10 min · 2,066 views today · He's a $10/hr farmhand, and his name isn't Andy. Andy Goes In is a compelling 10-minute documentary short about a Mercy For Animals undercover investigator. The vast majority...
15 Films Inspiring and Illuminating the 'New Story' Revolution
Tim Hjersted · 1,531 views today · Charles Eisenstein is one of the first people I heard talk about the "new story," synthesizing a diverse movement that has been emerging for the last several decades. When I go...
Sean Carroll - The Meaning of Life
7 min · 1,459 views today · The world keeps happening in accordance with its rules; it's up to us to make sense of it and give it value. Sean Carroll Music: Moby - God Moving Over the Face of the Waters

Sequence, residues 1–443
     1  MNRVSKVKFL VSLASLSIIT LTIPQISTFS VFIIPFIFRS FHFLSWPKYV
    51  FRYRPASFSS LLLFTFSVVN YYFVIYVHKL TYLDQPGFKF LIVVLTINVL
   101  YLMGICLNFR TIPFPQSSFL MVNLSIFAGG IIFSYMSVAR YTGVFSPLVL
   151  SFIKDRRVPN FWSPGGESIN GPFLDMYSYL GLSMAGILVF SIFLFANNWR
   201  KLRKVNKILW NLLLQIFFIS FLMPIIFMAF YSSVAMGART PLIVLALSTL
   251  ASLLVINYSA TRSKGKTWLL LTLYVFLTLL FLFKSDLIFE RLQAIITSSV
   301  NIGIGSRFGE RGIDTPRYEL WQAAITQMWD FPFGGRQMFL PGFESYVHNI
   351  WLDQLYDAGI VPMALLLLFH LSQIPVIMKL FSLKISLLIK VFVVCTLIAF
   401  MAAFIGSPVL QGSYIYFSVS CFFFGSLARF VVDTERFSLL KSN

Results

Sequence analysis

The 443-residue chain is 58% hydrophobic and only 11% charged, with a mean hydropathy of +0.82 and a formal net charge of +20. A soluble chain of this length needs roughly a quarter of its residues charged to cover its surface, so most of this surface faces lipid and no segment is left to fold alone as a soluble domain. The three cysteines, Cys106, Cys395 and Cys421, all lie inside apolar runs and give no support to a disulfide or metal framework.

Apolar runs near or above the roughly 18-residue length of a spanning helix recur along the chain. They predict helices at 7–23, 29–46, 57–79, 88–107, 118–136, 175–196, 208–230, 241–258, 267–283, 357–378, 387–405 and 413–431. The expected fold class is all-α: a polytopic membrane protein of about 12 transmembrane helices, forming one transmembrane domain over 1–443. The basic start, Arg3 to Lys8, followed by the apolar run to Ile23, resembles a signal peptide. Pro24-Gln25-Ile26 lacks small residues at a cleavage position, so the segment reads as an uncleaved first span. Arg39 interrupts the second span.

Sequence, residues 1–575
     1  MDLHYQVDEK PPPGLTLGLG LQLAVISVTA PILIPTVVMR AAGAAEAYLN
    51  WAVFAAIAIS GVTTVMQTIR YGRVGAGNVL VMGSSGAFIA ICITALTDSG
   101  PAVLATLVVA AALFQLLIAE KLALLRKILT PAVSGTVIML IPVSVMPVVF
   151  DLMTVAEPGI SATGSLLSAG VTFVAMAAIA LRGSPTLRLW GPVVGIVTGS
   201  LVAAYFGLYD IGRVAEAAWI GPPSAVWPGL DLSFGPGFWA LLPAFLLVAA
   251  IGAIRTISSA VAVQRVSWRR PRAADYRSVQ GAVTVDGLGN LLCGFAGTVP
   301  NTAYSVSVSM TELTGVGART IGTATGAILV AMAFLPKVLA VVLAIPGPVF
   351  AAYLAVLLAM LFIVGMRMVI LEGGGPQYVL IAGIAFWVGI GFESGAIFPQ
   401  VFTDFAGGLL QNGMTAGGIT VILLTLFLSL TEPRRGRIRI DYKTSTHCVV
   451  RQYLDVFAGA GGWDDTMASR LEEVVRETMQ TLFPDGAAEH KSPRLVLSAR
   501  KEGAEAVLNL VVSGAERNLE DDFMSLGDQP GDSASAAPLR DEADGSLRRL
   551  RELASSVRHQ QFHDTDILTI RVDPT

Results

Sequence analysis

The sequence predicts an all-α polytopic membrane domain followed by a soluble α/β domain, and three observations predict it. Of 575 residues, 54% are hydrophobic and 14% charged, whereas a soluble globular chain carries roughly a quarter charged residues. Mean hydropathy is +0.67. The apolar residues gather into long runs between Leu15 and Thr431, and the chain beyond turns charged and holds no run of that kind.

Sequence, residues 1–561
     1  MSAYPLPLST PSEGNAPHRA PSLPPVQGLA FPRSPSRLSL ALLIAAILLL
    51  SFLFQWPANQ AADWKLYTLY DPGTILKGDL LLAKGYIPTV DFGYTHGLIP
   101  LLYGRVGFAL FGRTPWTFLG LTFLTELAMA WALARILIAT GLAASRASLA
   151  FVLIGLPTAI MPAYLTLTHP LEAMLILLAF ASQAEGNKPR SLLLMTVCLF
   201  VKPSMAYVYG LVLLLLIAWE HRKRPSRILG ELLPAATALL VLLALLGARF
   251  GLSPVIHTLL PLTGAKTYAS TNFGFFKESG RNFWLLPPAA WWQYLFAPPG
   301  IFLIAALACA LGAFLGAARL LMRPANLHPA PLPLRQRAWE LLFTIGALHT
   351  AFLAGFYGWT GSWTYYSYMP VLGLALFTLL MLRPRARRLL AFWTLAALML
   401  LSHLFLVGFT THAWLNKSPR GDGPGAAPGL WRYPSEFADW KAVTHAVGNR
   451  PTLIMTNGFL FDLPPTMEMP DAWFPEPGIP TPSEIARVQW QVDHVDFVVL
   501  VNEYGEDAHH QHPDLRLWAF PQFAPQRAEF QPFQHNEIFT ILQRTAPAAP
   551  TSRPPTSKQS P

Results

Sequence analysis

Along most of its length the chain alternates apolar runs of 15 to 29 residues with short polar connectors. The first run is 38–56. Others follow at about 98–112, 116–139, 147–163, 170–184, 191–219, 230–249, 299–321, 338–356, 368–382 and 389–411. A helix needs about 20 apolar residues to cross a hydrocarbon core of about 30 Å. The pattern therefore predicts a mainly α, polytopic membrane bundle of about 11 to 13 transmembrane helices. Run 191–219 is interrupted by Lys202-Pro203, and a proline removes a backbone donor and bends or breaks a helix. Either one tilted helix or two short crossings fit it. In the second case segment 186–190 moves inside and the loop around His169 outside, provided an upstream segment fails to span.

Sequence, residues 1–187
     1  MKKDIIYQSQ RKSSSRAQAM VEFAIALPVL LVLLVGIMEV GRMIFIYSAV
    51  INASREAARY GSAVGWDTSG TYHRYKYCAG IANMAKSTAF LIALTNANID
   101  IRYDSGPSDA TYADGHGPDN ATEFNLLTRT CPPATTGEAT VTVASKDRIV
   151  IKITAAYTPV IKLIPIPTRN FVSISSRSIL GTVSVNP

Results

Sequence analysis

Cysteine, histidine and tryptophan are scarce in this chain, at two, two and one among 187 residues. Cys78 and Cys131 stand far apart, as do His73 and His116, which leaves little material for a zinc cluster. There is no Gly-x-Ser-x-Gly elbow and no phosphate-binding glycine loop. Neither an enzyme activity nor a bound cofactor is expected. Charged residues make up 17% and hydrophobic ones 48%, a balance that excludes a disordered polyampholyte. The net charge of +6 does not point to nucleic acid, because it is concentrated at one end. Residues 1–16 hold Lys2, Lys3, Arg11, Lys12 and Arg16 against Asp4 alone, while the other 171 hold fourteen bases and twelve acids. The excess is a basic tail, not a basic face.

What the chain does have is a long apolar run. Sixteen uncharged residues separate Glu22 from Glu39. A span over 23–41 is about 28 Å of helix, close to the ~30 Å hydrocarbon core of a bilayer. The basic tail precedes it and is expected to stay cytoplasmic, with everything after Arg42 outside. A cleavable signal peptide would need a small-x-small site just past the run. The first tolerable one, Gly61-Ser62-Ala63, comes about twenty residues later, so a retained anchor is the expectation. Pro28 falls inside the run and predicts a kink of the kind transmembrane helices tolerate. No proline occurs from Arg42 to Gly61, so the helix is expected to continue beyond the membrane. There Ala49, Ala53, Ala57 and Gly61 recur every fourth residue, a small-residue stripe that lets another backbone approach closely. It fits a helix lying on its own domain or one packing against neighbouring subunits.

Satish Kumar on "What Is a Sacred Place?"
3 min · 1,372 views today · Satish Kumar brings a Hindu, Buddhist and Jain perspective to the definition of "sacred place." We found his explanation so compelling that we edited a three-minute piece...
Amanda Abbington Introduces iAnimal - 42 Days in the Life of Chickens
4 min · 1,319 views today · Shot undercover in British factory farms and slaughterhouses, this immersive 360° video gives you a birds-eye view of what happens to chicken from farm to plate.
Sky Roosevelt-Morris: The Secret of Indigenous Resiliency
2 min · 1,235 views today · Activist Sky Roosevelt-Morris is of the Shawnee and White Mountain Apache Nations. She is a member of the Leadership Council of the American Indian Movement of Colorado. In...
Load More
Like us on Facebook?
How Economic Growth Has Become Anti-Life